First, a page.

An Investigation Aimed at Improving Subsidence Monitoring by Combining LiDAR with Traditional Survey Methodologies

Ogilvie, Heath Stewart (2018) An Investigation Aimed at Improving Subsidence Monitoring by Combining LiDAR with Traditional Survey Methodologies. [USQ Project]


This research paper investigates the degree of correlation between LiDAR results validated by minimal field surveying and traditional surveyed data over surface areas affected by mine subsidence. The objective is to determine whether it is possible to construct a model that can achieve an acceptable degree of accuracy, using primarily ALS results combined with minimal traditionally surveyed data. Optimising the cost, time and safety of subsidence surveying compared to using only traditional surveying methods.

Determining whether it is possible to create a model based predominantly on ALS data, validated by a small subset of traditionally obtained data, that would provide similar or better accuracy than traditional subsidence surveying methods, is the outcome that would set this research apart from similar previous studies.

While it is disappointing that no such definitive model was able to be determined as a result of a combination of: • The random output from ALS in circumstances where inputs and conditions were consistent, and; • The number of geological and geotechnical variations that can alter mine subsidence.

There were indications that the hypothesis may have validity by virtue of correlation between some datasets. However other data did not behave with the same consistency indicating that further work is necessary to achieve the ultimate desired outcome.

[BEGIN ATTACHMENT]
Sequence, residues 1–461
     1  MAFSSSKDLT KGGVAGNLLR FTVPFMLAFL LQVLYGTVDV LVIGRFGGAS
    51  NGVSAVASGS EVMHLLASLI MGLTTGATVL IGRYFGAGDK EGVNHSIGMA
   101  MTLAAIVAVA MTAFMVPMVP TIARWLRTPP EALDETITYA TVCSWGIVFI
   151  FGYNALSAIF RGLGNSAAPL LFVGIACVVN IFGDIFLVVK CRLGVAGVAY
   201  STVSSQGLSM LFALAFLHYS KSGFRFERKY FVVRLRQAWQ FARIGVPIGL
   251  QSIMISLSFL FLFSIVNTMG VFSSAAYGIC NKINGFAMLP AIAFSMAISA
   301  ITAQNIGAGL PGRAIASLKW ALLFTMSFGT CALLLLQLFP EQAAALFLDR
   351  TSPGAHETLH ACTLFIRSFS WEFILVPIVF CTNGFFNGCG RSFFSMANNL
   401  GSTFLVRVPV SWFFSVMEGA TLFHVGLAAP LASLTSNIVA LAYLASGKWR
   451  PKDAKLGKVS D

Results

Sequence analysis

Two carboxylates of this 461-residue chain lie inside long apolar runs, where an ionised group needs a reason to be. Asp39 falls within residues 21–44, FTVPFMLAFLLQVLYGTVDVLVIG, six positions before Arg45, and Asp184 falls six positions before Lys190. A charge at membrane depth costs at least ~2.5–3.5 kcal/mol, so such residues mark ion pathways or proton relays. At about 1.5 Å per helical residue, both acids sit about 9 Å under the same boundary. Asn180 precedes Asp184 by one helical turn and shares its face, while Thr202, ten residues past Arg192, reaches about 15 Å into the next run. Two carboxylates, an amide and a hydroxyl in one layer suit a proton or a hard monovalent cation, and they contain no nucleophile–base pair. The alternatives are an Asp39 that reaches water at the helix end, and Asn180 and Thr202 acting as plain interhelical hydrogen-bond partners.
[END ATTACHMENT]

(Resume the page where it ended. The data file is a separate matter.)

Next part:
Studies were carried out on a limited area of three swamps all located above the same longwall, within the same catchment area and covered by similar vegetation. Monitoring was conducted pre and post longwall mining using ALS data, as well as traditional survey and GPS techniques. This research aimed to test whether the hypothesised methodology would give a similar or better degree of understanding of the impacts of mining on the surface above the longwall without having to devote the time and resources needed to survey in the field in the traditional manner. The accuracy of the results obtained by the hypothetical method, and the accuracies mining companies require and currently obtain from traditional surveying methods, did not align sufficiently in this research. This requires companies to undertake the same manual effort to predict ground movement over much wider areas with the necessary degree of precision.

If further research aimed at: • The use of a higher level point density scanner, creating a surface model and obtaining exact points rather than the closest point. • Graduating from a lightly to more densely foliated environments with less obstacles to light penetration as the model is developed, to remove this as a potential source of ‘noise’ and error. • Using drones to fly lower over more targeted areas more thoroughly rather than aircraft covering areas well in excess of that necessary much less densely.

If further research in these areas was to be undertaken, it is considered that the level of correlation between the hypothetical and traditional methodologies would almost certainly improve. Potentially to a point where the method proposed represented a valid and cost-effective alternative to mining companies in the measurement of surface subsidence in much less time than advances in ALS technology are likely to occur.

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Item Type: USQ Project
Item Status: Live Archive
Faculty/School / Institute/Centre: Historic - Faculty of Health, Engineering and Sciences - School of Civil Engineering and Surveying (1 Jul 2013 - 31 Dec 2021)
Supervisors: Campbell, Glenn
Qualification: Bachelor of Spatial Science (Honours) (Surveying)
Date Deposited: 30 Aug 2022 05:35
Last Modified: 29 Jun 2023 02:24
Uncontrolled Keywords: LiDAR results; traditional surveying methods

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